The BJP’s active use of state patronage has also played a big role in strengthening its national footing. In States where the party has come to power, and even at the national level, it has actively worked to break down the existing patronage machinery and replace it with one of its own. For instance, in Maharashtra, a State ruled by the Congress-Nationalist Congress Party (NCP) for more than a decade before the Devendra Fadnavis government assumed office, the BJP has been steadily dismantling the patronage structures put in place by its predecessors. Through ordinances and amendments, the government has managed to severely weaken the hold of NCP and Congress leaders on the powerful cooperative bodies in the State, including the cooperative sugar factories which have been under the tight grip of NCP leader Sharad Pawar for decades. The government not only created a provision whereby it could appoint independent members to the boards of these bodies, but also imposed restrictions on the existing board members, hailing largely from the Congress or NCP, from contesting elections to particular cooperative banks. At the national level, the Modi government removed scores of previous United Progressive Alliance-era political appointees, particularly those notorious for their role in creating the large NPA (non-performing assets) problem facing the public sector banks today, and replaced them with its own people.

Risks of rapid expansion

On the electoral front, this has translated into the BJP aggressively co-opting individuals and units of other parties to strengthen its leadership. From Rita Bahuguna Joshi in U.P. to Himanta Biswa Sarma in Assam, the BJP has taken in many rival leaders into its fold before elections. This resembles the strategy followed by the Congress in the 1970s, at the peak of Indira Gandhi’s rule. While in the short term, this strategy is giving the party immense electoral success and helping it expand its footprint, just as it had done for the Congress back then, in the medium to long term it poses grave risks. Many politicians and smaller parties have joined the BJP bandwagon as it looks the most lucrative option electorally, and they may desert it at next chance. In addition, as the BJP continues to bring into its fold leaders and parties from outside its ideological umbrella, it risks diluting the content of its ideology over time. If uninhibited, this could also lead to tensions between the BJP and the RSS.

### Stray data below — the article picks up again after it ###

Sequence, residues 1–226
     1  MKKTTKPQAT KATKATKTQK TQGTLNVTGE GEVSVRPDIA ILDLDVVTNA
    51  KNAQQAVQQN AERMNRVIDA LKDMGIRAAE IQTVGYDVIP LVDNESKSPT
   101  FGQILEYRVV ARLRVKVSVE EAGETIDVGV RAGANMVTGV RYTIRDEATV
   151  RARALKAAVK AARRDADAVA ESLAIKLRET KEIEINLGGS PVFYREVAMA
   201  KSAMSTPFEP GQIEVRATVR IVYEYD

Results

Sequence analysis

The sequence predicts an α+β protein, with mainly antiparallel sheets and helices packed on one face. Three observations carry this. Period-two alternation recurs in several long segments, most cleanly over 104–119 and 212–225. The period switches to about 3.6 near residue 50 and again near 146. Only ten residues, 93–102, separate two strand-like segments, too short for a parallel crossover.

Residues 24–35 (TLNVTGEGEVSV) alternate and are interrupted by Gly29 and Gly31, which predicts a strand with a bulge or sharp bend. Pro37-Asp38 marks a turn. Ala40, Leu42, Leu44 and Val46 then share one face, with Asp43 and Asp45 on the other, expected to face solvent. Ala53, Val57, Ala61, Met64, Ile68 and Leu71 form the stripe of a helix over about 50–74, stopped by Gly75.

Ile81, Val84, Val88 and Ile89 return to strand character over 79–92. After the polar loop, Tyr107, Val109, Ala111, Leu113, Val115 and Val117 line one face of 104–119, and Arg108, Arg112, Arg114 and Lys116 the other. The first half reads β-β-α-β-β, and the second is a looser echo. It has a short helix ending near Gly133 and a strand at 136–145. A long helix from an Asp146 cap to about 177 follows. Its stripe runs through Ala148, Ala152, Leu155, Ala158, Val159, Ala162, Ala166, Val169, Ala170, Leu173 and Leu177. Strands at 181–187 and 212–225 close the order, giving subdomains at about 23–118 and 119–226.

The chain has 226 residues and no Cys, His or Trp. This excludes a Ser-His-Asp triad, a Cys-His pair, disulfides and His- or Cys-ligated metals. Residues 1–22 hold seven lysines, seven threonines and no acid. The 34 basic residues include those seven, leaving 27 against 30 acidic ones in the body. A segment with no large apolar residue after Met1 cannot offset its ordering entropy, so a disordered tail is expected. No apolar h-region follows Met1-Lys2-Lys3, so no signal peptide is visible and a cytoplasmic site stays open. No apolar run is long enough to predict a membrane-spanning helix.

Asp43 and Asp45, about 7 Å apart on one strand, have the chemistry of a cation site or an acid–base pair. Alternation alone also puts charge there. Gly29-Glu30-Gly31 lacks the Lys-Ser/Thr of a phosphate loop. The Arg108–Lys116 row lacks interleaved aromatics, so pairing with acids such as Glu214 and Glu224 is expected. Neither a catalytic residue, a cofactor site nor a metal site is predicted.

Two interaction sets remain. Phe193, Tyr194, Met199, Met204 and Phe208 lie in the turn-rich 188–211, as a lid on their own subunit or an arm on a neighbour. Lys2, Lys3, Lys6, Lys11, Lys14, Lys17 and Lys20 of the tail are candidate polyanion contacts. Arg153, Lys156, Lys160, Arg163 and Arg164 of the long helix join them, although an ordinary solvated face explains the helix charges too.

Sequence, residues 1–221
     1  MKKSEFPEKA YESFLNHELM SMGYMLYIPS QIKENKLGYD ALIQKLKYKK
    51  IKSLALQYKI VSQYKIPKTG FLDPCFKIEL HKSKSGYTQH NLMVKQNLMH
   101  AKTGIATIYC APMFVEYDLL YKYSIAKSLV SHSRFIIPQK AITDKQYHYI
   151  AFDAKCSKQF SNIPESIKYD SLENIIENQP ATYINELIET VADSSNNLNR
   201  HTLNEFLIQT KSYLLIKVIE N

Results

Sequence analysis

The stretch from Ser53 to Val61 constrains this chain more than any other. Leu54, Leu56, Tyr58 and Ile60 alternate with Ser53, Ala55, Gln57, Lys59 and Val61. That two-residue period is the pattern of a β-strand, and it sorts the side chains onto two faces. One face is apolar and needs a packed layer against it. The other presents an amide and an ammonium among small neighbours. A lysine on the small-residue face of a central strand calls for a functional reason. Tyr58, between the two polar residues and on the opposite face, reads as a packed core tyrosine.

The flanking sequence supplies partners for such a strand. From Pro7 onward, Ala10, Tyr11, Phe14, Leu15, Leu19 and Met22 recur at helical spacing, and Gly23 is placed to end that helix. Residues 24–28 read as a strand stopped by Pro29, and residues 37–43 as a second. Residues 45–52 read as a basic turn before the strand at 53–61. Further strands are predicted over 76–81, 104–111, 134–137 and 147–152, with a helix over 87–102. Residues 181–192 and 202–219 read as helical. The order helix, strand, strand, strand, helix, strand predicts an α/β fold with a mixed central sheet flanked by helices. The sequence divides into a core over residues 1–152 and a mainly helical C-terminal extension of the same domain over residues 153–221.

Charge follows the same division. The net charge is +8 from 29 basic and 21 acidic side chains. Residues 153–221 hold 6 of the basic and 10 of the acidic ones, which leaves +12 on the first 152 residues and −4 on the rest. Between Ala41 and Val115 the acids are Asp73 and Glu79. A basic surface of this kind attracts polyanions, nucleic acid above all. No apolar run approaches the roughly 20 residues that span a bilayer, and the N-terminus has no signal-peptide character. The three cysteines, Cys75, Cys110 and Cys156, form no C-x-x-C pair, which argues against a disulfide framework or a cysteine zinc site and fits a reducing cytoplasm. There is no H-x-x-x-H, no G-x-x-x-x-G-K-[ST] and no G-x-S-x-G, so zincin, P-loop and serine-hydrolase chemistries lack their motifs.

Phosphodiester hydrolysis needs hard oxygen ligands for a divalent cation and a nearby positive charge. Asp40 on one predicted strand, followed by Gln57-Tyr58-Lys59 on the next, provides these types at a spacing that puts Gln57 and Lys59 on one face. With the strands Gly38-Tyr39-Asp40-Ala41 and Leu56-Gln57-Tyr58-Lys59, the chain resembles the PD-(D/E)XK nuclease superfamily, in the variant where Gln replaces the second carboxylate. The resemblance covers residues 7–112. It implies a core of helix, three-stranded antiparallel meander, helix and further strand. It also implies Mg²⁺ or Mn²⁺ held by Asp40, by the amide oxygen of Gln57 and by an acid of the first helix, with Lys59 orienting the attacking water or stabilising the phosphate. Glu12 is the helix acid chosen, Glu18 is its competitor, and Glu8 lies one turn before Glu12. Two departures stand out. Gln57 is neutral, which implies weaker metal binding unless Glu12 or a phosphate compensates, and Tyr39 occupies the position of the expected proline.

The BJP has undoubtedly replaced the Congress as the dominant national party and the cornerstone of India’s political and electoral system. This development has squeezed the space for centre-left forces in India’s polity and has given popular legitimacy to the centre-right narrative on issues of nationalism, secularism and social justice. As Yogendra Yadav has rightly pointed out, the centre-left needs a new vocabulary on the issue of social justice as the BJP has managed to convince a large section of society that the left’s language on the issue reeks of biases based on caste and religion.
However, in order for the BJP to remain the dominant national party for a sustained period of time, it too needs to introspect to ensure it isn’t compromising long-term success for short-term rewards. Going forward, it should continue to widen its social base while ensuring it doesn’t lose its ideological identity. Otherwise, it will only remain dominant as long as a Mr. Modi remains at the helm. As when individuals acquire larger salience over ideology and organisation in parties, it leads to their decline down the road. That is exactly what happened to the Congress.
Pradeep Chhibber and Rahul Verma are with the University of California, Berkeley. Harsh Shah is an alumnus of the University of California, Berkeley